Magazine article Variety

Breaking Down Gender Barriers

Magazine article Variety

Breaking Down Gender Barriers

Article excerpt

It's been well documented that Hollywood is no picnic for women. But when it comes to documentaries, females thrive.

When Laura Poitras won the Academy Award for "Citizenfour" last year, she joined a group of 10 female nonfiction directors who have also won an Oscar. In the past decade alone 17 female directors have been nominated in the category. Compare that to the feature-directing race where in the last 10 years the only femme nominee was Kathryn Bigelow (who went on to make history by being the first woman to win).

Perhaps it's no coincidence that female representation in the doc world isn't limited to the director's chair. Whether they work as producers, editors, television distributers, fest programmers or funders, women make up a majority of the doc world's gatekeepers.

So it wasn't a surprise when the Center for the Study of Women in Television and Film at San Diego State U. revealed last June that women made up 29% of directors working on documentaries. That is in stark contrast to the 7% of female directors for the 250 top-grossing narrative films of 2014.

An even more encouraging stat: a third of the 124 eligible docs were directed or co-directed by women, including critically acclaimed titles like Laurie Anderson's "Heart of a Dog" and Sharmeen Obaid-Chinoy and Andy Schockeris "Song of Lahore."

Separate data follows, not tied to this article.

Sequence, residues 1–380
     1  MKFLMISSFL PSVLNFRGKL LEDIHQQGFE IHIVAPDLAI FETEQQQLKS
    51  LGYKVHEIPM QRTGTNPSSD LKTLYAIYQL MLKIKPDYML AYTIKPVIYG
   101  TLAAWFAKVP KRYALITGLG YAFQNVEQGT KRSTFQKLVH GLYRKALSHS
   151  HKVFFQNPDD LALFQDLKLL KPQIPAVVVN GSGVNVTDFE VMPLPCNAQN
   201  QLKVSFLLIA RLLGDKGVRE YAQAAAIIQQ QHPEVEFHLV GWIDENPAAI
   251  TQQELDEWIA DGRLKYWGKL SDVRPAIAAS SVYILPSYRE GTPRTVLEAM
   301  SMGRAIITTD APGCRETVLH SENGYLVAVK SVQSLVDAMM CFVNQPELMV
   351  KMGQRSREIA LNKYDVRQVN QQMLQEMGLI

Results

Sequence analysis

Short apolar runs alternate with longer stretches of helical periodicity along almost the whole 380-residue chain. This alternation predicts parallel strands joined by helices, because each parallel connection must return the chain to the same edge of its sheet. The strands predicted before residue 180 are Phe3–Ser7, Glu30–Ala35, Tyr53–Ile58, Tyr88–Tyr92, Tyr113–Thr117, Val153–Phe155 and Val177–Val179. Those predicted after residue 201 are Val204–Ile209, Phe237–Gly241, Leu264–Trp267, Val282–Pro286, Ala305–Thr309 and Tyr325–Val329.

Director Amy Berg had three docus pre-

miere in the past 12 months - "An Open Secret," "Prophet's Prey" and "Janis: Little Girl Blue" (the latter two are Oscar eligible). She partially attributes the branch's female domination to a strong nonfiction film community.

"We are all so supportive of each other," Berg says. "We also have such a strong support group of philanthropists and independent financiers that don't use gender as criteria (when financing)."

While studios demonstrate an inexplicable fear of hiring female helmers, the doc world doesn't have the same barriers.

"To get a documentary started - I'm not saying to finish it - it doesn't take a whole lot of capital," says "Winter's Bone" director Debra Granik, who ventured into doc filmmaking with this year's "Stray Dog." "You don't need anyone to greenlight that idea. That's the salient difference (between narratives and docs)."

Granik describes the making of her first doc as a "gender-free fiesta."

"The gender thing gets removed for me when it comes to the documentary world," she says. …

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